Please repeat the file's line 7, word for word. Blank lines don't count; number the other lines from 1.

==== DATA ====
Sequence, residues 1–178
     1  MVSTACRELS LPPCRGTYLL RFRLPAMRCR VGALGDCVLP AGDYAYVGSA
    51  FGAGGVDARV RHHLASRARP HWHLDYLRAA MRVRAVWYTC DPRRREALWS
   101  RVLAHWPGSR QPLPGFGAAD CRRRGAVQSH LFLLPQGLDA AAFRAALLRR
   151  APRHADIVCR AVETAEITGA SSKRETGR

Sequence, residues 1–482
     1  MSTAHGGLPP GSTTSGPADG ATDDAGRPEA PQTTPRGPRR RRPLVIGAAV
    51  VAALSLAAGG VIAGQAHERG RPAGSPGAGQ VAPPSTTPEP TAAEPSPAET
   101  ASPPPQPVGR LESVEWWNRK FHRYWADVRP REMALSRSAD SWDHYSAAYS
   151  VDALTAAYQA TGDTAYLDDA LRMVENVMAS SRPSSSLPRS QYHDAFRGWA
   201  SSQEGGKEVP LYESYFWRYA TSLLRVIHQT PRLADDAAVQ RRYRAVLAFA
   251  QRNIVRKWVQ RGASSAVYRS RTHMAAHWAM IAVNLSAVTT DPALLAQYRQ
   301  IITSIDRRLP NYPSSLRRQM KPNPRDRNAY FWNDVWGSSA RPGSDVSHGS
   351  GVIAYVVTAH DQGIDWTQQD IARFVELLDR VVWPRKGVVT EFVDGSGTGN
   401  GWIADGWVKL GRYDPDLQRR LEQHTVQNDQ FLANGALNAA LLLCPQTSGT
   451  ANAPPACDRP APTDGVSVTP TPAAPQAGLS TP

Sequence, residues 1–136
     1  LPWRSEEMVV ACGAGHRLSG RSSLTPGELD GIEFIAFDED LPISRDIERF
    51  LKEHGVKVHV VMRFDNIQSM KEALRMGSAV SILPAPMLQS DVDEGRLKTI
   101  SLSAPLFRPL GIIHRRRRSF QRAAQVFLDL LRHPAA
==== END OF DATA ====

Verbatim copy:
     1  MSTAHGGLPP GSTTSGPADG ATDDAGRPEA PQTTPRGPRR RRPLVIGAAV